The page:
Fiji is the world's primary supplier of live rock, with data showing that in 2001 more than 800 tonnes of live rock were harvested from its reefs73, about 95 per cent of which were destined for the United States74. True collection figures are likely to be greater as large quantities of harvested live rock, subsequently considered unsuitable for export, are often discarded and thrown back into the sea. In Fiji, the extraction of live rock takes place along the edges of the reef or within the shallow lagoon. During collection villagers selectively target rocks with a diameter of 15-35 cm45 covered with light to dark pink coralline algae and remove them from the reef framework using iron rods. These are then loaded up onto a bilibili, or bamboo raft, and dragged onto the beach by horses. The rocks are placed into boxes and loaded onto a waiting truck that takes them to a processing facility. Once at the facility, the rock is placed under showers, which continually spray salt water for 24-72 hours before shipment. It is trimmed of all visible green algae growth and graded according to shape, weight and percentage of coralline algae cover.
Live rock trade constitutes an important source of revenue for the inhabitants of Malomalo (one of the most important live rock collection sites in Fiji). Since 1994, live rock has been collected at Malomalo for Ocean 2000, a local wholesaler, by the traditional male users of the reef, both on a full time and an occasional basis. The rock is reimbursed at a price of US$0.70 per kilo, which is divided among the collectors (US$0.50), the custodian (US$0.10) and the marine reserve that forms part of the village's traditional fishing grounds (US$0.10). As this item is bought and sold by weight it is the highest income earner for the villagers participating in the aquarium trade industry. A full-time harvester extracts on average 7,500 kg a year (an average of 150 kg live rock extracted per week) contributing US$3,750 to annual household income.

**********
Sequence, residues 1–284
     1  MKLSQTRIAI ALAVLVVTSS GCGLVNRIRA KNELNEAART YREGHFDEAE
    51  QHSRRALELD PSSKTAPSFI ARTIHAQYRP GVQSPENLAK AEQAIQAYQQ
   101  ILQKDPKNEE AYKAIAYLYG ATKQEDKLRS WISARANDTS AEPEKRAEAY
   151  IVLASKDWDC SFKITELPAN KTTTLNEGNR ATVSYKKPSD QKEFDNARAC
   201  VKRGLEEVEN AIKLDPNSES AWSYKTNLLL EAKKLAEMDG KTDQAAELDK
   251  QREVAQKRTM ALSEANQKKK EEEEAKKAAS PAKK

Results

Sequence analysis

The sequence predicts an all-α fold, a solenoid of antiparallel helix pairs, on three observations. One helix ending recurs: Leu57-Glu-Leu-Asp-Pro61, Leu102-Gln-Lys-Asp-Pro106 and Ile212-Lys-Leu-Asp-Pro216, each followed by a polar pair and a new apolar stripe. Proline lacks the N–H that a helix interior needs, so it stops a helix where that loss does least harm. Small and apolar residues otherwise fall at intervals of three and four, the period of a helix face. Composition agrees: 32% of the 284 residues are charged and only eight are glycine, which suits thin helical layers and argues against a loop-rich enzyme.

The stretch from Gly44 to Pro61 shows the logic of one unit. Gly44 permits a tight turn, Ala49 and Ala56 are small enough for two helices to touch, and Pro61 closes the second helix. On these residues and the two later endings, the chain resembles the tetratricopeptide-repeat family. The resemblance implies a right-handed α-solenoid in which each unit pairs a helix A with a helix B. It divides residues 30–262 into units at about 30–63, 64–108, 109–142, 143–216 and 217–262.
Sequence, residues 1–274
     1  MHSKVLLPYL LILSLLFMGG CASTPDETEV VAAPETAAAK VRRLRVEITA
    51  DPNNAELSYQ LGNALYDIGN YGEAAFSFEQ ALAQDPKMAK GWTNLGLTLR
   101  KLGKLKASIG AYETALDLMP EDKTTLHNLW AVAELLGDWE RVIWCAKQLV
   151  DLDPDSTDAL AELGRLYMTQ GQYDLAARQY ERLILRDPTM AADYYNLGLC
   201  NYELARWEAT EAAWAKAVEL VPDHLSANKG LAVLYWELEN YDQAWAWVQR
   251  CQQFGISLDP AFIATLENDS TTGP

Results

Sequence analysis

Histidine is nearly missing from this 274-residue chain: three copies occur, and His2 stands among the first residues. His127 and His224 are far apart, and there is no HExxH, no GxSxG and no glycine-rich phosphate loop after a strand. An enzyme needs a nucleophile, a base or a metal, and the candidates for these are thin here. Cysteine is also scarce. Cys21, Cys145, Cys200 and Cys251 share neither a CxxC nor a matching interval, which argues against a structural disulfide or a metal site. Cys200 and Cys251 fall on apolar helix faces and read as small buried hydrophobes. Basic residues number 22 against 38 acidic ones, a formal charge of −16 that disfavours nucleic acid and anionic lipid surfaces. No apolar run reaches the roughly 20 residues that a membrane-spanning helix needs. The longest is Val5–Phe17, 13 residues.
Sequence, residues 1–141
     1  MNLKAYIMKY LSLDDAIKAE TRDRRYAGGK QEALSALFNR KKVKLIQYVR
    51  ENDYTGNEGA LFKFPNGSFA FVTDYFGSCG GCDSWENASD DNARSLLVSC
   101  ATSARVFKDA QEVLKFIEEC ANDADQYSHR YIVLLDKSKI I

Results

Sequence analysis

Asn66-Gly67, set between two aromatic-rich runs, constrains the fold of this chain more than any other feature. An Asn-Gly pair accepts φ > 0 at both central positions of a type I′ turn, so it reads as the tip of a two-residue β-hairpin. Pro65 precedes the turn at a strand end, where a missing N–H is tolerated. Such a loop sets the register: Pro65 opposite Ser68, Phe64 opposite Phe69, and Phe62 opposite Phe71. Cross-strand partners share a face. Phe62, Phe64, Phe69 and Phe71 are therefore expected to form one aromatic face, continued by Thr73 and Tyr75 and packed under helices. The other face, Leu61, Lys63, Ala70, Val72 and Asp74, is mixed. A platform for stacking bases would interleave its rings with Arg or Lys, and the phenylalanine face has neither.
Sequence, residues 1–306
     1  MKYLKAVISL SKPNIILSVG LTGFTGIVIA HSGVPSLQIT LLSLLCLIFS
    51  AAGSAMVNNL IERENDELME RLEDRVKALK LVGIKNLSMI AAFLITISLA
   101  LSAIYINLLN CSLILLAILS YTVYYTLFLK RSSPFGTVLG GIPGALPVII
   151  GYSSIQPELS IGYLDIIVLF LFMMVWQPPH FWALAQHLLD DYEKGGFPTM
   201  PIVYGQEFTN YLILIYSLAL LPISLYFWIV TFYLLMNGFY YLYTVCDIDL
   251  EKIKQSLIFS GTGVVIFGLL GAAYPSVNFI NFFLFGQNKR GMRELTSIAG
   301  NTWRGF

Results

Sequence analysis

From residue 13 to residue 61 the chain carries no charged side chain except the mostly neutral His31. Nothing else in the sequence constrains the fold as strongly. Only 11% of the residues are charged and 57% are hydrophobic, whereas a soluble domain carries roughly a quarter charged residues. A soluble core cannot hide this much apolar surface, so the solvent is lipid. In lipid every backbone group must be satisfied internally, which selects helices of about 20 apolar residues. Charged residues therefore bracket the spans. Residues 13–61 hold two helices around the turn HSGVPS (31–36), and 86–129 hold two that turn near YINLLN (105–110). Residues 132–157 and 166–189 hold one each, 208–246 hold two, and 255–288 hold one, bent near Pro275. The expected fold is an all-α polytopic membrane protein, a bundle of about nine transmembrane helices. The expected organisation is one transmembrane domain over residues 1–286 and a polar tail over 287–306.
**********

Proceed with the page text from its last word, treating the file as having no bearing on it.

However, after nine years of extraction, the villagers raised concerns that live rock collection could have detrimental long-term consequences for their reefs. Large-scale removal of live rock, the result of hundreds of years of accretion, can destroy reef habitat, undermining the structure of coral reefs and leading to increased erosion as well as reduced biodiversity. Some fishers noticed that quantities of fish and other marine species typically collected from areas used for collection of live rock had been reduced45. The World Wide Fund for Nature (WWF) and MAC joined forces to respond to the villagers' concerns and those expressed by the Fijian government about the sustainability of the industry. They worked to develop community-based processes for wise coral harvesting and management, which also involved helping the government structure sound policies and legislation that would support a sustainable aquarium trade. Moreover, the villagers of Malolomo designated part of their traditional fishing grounds a tabu area, in which extractive use was banned.
The International Coral Reef Action Network (ICRAN) recently also developed a project with the major objective of ensuring the sustainability of the coral trade industry in Fiji. Should this be achieved, coastal communities (mainly around Viti Levu, where returns often do not reflect the market value of the product) will be able to share fairly the benefits of the marine aquarium trade industry without compromising the health of their reefs.
Source: WWF73 and ICRAN76